From the looks of the site, it seems like everything in these overpriced boxes has something to do with his more annoying by the day song “Happy.” Most are trite, like the CD with only one song on it (guess which), a “Happiness Is The Truth” print and a smiley face stress ball. Some are downright pathetic: “Exclusive plant photograph taken by Pharrell.” That… well, that’s kind of adorable, actually. Next month: exclusive macaroni necklace?
Necklaces with Coco Rocha written on them, bracelets with Coco Rocha written on them, magazines with Coco Rocha’s face emblazoned on them. Like, there are other things, too, but it seems to us Coco Rocha is a little too into Coco Rocha.
Snoop delivers what he promises: Past items include a “How High Am I” journal, a Fire Bucket Ashtray, Solopipe, an issue of High Times, a Snoop Dog Cone, and 100 dollar bill napkins so you can make it rain after you wipe your mouth from those special brownies you just whipped up.
Brooke Burke has got the reigns on IntiMint, and if you haven’t noticed, there’s a variety of mint sites to cater to shoes, beauty, jewelry, etc. They cover all the bases — but Burke’s site may help you get to all the bases.
BILL! BILL! BILL! BILL! Need we say more? Bill Nye’s science-filled boxes are for an age bracket most people who can afford his subscriptions don’t belong to. But, I mean, that robot kit says seven and up, right?
Ecclectic and quirky products curated by JHew. Remember? She was that person who was in those things a long time ago and now features in such gems as “Hot in Cleveland” (where your career goes to die), Lifetime’s The Lost Valentine and Jewtopia.
You were too much for this world, Pink Fancy box. To give you some context, a few selections included a Babycakes Brownie Maker and a “Creative Cursing” book. We need some time to mourn this sub box’s passing.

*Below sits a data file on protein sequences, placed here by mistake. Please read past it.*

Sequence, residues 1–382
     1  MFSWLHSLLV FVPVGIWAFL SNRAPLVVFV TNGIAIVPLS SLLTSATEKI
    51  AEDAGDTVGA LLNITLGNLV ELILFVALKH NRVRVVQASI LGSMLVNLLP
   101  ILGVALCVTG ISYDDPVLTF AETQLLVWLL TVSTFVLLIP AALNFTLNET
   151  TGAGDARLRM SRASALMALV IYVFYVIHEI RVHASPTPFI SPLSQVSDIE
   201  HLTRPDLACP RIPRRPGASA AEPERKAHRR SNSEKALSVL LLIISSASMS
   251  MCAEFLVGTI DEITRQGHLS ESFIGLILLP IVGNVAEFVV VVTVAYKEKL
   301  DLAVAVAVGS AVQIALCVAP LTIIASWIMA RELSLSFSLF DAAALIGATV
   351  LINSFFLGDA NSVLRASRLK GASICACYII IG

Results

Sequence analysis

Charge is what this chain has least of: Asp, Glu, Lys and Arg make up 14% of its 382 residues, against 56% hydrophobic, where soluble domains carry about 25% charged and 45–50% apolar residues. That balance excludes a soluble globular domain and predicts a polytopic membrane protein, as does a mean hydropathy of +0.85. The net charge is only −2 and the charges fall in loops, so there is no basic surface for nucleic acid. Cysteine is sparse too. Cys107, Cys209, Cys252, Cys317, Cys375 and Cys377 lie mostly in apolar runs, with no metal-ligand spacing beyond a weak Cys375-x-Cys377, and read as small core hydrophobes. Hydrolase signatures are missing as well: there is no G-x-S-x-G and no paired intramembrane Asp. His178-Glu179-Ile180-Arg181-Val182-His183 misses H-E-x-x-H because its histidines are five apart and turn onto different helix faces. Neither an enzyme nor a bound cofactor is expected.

Her picks (golden sequined pouch, stick on nail polish, water bottle, hand lotion) are uninspired and uninteresting. One might say her boxes are the Kelly Rowland of subscription boxes.
From megalomaniacs — er, entrepreneurs — Mary Kate and Ashley Olson comes a site that specially selects your clothing. Having multiple successful clothing lines, the Olsons were a natural choice for this kind of box, even if there’s clearly something unnatural about the sheer amount of dolls that have their their faces.
So Justin Timberlake is in charge of a home style subscription box site. Pretty sure that was one of the signs of the apocalypse. We know a lot has changed since his days with NSYNC, but somehow we just can’t bring ourselves to accept decorating advice from someone whose hair used to be a bowl of ramen.
There are a lot of things that a person has to grapple with in life. Big, universal questions about self, love and identity. And, probably most poignant of all struggles: the impulse to throw away a stupid bobblehead that was a present from Snoop Dogg.
With the opening of the brick and mortar Birchbox store earlier this summer, the general consensus has been either excitement or confusion around the subscription box hype. For those not in the know, Birchbox is a subscription box makeup service: a box full of the hottest makeup samples are sent to subscribers via mail. Like a magazine, but with stuff.
The subscription box trend has spun off a variety of genres, from geeky NerdBlock to baby-centric BoxMeMommy — crafty with WhimseyBox and stylish with StitchFix. But sometimes, you can not only choose the kind of box you get, you can choose the person who picks them for you.
Celebrity subscription boxes are all the rage, and we’ve scoured the web to find you the best, worst, and weirdest ones out there, “curated” by people like…